Nightlife on the cay – Bev laughs – is looking at the stars.

“We are unique here,” she says. “I know all resorts say that but we truly are. Pine Cay redefines what it is to relax. We have very nice, comfortable facilities but you can go barefoot to dinner. It’s a place to recharge – a lot of people don’t even realise they need to recharge until they get here.”

One of the most appealing aspects is the complete lack of pressure to do, well, anything. From the moment you step off the boat, the stresses and strains of modern life seem to slip away like water down a mountainside.

With the beach just a single step from each room and a bed so comfy you could lose yourself in it, it’s barefoot living at its finest. The suites are thoughtfully prepared; one or two minor furnishings might have seen better days but that just adds to its charm. Where the TV would be, there’s an old-fashioned map of Providenciales instead – I find it far more intriguing.

Living in harmony with Mother Nature is a pervasive theme, from the real flowers in the folds of the towels to the tacit ban on plastic – a reusable shopping bag is left in each room along with a refillable water bottle. Rainwater catchment systems are integrated in all buildings. There’s even an outdoor shower. Just watch the prickly pine cones underfoot.

A vast and interesting selection of literature can be found in each room and stretched along an entire wall in the bar cum library. I make plans to immerse myself in the well-thumbed, yellowing pages later. After all, ‘midnight’ here is about 9.30pm.

Among a long list of organic activities in the guest information booklet – from sailing and kayaking to fishing, snorkelling and tennis – is one that instantly appeals. “Doing nothing” is cited as a “very popular and therapeutic activity”. I am assured that, within a day or two, I will have perfected the knack of gazing vacantly at the horizon without having to lift my head from the lounge chair.

Pine Cay is a haven for wildlife enthusiasts. There’s an array of intriguing reptiles from the ubiquitous curly tailed lizards and geckos to rare rock iguanas which have sadly died out on most of the neighbouring islands but thrive here.

Nestled among the world’s third largest coral reef, the island affords breathtaking views for snorkellers and divers just metres from the beach. If you’re lucky you might even see a humpback whale in the distance. These majestic creatures make their annual migration past here each winter.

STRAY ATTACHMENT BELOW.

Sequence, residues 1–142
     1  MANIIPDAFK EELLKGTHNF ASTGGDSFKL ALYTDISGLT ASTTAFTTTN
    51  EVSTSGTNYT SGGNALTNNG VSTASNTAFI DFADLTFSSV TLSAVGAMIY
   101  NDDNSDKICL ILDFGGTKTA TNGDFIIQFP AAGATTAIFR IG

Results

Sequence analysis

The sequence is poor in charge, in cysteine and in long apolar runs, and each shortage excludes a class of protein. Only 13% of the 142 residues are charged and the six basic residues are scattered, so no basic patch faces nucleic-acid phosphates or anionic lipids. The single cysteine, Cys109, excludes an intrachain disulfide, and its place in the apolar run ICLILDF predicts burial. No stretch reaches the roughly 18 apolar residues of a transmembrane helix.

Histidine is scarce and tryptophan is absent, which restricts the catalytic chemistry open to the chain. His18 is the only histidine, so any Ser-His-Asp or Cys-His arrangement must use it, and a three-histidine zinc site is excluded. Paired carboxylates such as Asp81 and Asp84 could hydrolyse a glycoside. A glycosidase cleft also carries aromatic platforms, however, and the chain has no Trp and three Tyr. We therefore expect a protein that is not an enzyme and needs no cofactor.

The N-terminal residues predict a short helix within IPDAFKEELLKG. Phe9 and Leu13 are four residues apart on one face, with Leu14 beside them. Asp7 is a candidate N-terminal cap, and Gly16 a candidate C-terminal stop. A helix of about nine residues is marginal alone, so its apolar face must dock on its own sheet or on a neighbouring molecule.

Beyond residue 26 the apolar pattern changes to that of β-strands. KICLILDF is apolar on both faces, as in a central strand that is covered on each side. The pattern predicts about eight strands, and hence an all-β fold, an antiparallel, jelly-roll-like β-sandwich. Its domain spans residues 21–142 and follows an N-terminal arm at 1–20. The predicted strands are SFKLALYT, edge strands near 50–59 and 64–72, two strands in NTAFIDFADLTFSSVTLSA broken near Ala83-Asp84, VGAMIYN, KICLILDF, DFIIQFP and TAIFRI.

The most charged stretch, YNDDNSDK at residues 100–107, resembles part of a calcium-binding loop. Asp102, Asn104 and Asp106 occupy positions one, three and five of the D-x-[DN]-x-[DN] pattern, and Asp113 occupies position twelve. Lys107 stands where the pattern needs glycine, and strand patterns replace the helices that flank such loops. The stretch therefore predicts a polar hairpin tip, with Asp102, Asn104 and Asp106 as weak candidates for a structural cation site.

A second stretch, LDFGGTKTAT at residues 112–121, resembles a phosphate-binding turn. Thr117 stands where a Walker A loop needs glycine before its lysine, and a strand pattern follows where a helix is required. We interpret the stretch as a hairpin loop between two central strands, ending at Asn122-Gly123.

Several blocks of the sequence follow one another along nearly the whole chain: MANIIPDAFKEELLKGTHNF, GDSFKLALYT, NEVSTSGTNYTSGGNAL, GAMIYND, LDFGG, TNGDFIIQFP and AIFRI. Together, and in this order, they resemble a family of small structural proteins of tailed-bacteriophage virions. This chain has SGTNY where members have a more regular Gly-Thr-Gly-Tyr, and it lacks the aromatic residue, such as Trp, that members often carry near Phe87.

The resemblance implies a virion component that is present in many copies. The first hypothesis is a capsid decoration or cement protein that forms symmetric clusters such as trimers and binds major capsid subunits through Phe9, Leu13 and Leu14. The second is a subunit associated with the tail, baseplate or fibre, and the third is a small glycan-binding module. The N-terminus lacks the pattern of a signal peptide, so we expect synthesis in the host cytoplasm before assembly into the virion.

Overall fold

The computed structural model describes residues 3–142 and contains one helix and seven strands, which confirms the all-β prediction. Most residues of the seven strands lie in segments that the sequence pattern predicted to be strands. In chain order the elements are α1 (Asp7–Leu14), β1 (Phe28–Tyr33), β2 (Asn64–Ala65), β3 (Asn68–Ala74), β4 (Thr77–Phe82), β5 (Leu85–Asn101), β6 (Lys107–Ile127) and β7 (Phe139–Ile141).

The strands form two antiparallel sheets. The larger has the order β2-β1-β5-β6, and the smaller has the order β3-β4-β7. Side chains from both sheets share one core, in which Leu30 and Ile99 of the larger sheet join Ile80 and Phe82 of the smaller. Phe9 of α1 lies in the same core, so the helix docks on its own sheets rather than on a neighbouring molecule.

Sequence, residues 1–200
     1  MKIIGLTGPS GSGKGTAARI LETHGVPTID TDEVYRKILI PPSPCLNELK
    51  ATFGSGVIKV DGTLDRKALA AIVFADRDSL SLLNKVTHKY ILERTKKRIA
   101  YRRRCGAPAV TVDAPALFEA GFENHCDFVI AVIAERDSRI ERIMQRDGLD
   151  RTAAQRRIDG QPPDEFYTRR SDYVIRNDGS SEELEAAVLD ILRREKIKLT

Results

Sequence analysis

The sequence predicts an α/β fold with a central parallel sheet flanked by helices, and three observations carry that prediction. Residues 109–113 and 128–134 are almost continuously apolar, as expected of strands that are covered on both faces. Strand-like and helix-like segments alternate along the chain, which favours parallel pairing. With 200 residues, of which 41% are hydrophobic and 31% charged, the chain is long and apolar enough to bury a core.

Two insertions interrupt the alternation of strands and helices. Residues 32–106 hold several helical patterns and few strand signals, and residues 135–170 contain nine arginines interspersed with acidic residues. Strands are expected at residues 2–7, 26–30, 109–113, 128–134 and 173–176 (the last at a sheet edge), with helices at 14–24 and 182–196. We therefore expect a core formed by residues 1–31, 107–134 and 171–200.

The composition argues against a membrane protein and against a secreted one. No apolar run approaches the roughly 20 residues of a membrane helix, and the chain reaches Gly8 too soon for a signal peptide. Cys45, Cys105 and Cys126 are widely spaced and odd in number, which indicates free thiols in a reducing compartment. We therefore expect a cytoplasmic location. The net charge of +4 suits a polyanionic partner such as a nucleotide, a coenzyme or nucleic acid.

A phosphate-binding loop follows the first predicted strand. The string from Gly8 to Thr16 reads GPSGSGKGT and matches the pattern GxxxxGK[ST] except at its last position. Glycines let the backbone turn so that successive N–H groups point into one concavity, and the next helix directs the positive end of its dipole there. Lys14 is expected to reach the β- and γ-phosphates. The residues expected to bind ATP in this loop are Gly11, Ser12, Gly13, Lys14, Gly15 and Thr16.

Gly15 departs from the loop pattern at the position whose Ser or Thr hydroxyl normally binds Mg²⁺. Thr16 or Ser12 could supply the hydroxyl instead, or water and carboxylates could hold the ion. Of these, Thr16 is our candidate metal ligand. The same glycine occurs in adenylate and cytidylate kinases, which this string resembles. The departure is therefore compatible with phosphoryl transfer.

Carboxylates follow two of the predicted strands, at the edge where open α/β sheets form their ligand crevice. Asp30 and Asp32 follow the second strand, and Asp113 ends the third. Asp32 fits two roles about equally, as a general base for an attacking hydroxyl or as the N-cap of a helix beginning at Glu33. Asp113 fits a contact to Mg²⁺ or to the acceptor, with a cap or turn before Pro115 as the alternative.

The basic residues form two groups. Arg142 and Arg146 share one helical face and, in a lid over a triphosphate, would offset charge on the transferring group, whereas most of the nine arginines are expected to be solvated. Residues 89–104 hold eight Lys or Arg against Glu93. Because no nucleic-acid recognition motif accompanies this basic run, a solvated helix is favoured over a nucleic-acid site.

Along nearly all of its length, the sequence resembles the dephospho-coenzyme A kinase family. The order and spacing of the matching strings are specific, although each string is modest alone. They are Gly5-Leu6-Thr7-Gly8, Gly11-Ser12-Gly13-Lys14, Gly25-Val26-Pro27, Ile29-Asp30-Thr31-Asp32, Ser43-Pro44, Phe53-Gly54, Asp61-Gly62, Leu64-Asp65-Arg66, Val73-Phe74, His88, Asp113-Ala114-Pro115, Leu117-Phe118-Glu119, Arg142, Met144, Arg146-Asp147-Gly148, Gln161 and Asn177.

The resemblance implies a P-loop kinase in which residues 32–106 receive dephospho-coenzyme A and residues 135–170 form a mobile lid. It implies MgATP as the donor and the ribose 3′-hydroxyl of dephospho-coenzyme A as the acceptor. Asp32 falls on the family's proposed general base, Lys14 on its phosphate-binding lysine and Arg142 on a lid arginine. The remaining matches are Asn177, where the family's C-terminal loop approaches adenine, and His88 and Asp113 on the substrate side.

Sea turtles still abound in the Pine Cay channel and in the deep cove at the opposite end of the island referred to as the ‘aquarium’ on account of its abundance of marine life. Two kayaks are tied there for guests to use for more intimate enjoyment of the secluded spot.

It’s a bird lovers’ paradise too. Ospreys, kestrels, thrashers, herons and pelicans squawk overhead, offset by the call of the black Cuban Crow. If you’re unfamiliar with its peculiar cry, it’s a little like stepping repeatedly on a rubber ball. There are even some flamingoes who moved here recently, setting up home on one of the island’s seven freshwater lakes. Bev is convinced they too are escaping the hullabaloo of the outer islands, along with the rest of the Club’s members.

The climate is kept comfortable all year round thanks to prevailing trade winds and low humidity. Midday temperatures range from the low 80s in winter to just over 90 degrees Fahrenheit in late summer.

To explore the island, I choose one of the hotel’s rickety-looking bicycles. It’s the first time I’ve been on one in years. Happily my momentary sense of panic is quickly replaced by the realisation that it is, in fact, just like riding a bike. Cycling in sand however is a slightly different kettle of fish. (The only stretch of tarmac on Pine Cay is the island’s minute runway.) It requires a little more patience and a far slower pace – which is of course thoroughly in keeping with the lackadaisical nature of the island itself.

With the wind in your hair and the cleanest, purest air in your lungs it’s impossible not to feel a distinct sense of camaraderie with the world. I pass three buggies in the space of 10 minutes and conclude I must be on the main road.

Down at the marina, a statuesque heron casts its steely gaze across water as clear as glass in search of food. Unperturbed by my presence, it comes here to vie for the ocean’s treasures with the visitors who flock specifically to take advantage of the island’s excellent bone fishing.